AGRONOMIC NEWS ITEMS
From Agronomists of the
Potash & Phosphate Institute
655 Engineering Drive, Suite 110
Norcross, Georgia 30092-2837
Phone (770) 447-0335
Winter 2004, No. 1
Averaged over Canadian cropland, there is no phosphorus deficit. The amount removed by crop harvest is equivalent to about 95% of the amount applied as fertilizers and manures. But a closer look shows that surpluses in smaller areas are hiding deficits across larger areas.
Even in livestock-dominated areas like eastern Canada—Ontario, Quebec, and Atlantic Canada—34% of the cropland is found in census divisions with a deficit. For cropland in the prairies, the figure increases to 79%.
While a great deal of attention is being paid to areas with surpluses, deficits can also be a concern. When deficits deplete soil fertility, the long-term productivity of a soil can be impaired. This is why soil testing is an important component of nutrient management.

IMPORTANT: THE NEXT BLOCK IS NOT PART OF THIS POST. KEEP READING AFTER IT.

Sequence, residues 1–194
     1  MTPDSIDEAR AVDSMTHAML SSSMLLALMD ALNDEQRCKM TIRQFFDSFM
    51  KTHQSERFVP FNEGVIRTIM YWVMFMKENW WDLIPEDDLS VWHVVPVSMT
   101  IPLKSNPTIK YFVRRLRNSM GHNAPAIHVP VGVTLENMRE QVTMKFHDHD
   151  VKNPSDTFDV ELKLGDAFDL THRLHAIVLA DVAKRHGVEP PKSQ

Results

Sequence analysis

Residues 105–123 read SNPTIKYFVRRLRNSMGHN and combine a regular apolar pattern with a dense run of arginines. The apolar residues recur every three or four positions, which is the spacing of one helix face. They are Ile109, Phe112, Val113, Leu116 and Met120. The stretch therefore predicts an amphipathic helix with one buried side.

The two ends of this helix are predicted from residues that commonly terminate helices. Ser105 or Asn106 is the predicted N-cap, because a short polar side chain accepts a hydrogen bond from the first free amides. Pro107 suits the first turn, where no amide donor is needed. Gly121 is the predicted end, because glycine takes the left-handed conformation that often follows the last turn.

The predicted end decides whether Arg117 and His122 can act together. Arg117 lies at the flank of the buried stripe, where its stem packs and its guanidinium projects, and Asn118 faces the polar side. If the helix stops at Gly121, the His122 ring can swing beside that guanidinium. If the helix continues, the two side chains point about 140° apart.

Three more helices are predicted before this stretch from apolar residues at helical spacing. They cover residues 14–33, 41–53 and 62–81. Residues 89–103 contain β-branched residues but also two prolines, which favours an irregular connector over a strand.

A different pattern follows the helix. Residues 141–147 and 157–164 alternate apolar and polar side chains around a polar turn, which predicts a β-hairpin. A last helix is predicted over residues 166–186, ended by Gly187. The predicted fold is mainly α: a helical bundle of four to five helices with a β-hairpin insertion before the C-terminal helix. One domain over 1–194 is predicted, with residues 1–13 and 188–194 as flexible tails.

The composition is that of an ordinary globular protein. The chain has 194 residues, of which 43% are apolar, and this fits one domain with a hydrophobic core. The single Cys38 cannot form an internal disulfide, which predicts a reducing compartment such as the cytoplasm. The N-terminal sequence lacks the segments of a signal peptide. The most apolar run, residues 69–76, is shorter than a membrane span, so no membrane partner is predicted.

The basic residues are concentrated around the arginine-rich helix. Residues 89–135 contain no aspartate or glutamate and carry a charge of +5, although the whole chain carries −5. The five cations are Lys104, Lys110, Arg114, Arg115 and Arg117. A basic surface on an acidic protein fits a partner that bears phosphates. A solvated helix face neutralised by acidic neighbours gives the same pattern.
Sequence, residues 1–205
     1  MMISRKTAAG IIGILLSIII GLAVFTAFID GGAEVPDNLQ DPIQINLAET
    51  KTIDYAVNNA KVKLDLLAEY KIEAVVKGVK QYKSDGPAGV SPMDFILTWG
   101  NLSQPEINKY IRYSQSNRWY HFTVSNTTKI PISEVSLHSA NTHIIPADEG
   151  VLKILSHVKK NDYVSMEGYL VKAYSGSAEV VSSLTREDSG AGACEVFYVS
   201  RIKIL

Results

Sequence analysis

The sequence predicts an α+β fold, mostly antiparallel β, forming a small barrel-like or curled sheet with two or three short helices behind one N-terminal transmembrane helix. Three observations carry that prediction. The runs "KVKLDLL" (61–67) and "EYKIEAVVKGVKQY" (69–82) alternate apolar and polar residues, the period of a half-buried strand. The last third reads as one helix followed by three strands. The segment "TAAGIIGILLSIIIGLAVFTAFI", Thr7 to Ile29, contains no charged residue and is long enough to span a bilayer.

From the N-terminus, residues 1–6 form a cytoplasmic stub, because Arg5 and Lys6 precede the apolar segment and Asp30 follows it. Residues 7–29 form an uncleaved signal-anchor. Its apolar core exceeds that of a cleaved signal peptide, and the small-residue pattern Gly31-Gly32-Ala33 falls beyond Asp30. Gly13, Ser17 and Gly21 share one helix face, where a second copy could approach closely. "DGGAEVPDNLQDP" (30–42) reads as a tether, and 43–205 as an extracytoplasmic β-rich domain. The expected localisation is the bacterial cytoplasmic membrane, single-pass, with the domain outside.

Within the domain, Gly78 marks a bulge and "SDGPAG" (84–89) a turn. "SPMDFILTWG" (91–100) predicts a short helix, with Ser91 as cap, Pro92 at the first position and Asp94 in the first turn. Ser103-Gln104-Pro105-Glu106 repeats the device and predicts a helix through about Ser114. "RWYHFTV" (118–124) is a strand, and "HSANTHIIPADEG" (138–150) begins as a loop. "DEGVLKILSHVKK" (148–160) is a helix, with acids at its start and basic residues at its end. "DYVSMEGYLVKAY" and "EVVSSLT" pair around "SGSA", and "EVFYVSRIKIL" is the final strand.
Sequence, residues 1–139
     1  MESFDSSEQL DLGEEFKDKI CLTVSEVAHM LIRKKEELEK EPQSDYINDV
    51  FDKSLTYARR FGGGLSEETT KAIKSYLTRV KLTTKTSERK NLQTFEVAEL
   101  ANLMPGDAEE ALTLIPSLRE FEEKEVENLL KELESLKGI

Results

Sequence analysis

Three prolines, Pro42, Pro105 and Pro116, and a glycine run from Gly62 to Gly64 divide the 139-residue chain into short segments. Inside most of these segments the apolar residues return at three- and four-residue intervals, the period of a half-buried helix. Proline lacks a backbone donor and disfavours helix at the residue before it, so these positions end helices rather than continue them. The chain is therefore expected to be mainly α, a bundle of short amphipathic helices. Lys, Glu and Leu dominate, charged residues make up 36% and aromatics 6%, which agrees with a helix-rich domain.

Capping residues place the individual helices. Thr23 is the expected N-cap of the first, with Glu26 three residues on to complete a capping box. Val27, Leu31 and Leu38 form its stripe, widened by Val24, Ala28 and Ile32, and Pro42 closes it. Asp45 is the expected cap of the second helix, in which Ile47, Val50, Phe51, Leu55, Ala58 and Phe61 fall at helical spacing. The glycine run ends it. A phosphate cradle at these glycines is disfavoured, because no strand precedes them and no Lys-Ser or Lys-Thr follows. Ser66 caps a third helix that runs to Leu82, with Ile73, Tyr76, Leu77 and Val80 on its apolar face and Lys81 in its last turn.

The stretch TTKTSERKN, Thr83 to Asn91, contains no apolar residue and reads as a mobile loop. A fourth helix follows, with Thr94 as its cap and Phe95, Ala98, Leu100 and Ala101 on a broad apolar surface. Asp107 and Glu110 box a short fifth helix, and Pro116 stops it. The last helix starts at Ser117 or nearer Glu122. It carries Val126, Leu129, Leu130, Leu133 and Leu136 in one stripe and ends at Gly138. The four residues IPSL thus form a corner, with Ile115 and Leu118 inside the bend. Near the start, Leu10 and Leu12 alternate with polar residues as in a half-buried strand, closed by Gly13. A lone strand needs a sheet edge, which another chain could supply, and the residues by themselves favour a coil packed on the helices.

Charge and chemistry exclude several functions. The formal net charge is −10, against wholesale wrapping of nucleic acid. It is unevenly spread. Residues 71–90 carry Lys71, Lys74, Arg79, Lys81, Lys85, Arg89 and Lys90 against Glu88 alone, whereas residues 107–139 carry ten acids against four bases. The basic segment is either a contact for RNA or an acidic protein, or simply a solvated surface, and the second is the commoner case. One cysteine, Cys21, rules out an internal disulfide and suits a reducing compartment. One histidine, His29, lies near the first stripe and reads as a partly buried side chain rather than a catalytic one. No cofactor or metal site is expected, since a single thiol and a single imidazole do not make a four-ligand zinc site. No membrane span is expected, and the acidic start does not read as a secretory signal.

A good deal of the excess in areas of surplus arises from manure. However, it isn’t easy to alleviate the deficits across census divisions using manure, because manures are costly to transport. The transport distance would often need to be across several census divisions, which on average may be more than 20 miles wide. Technologies to concentrate and transport manure nutrients are being developed – but not without cost.
Over the past thirty years, the amount of surplus phosphorus applied to cropland is trending downward. Much of the historical surplus contributed to the improvement of soil fertility, raising the soil test for phosphorus to the range where crops reach their optimum yield and quality without requiring application rates that exceed removal. But today’s producers, under increasing pressure to manage nutrients efficiently, will need to pay attention to both deficits and surpluses.
Both surpluses and deficits entail risks. Surpluses risk harm to water. Deficits risk harm to the soil. Maintaining balance—minimizing both surpluses and deficits—balances risks.
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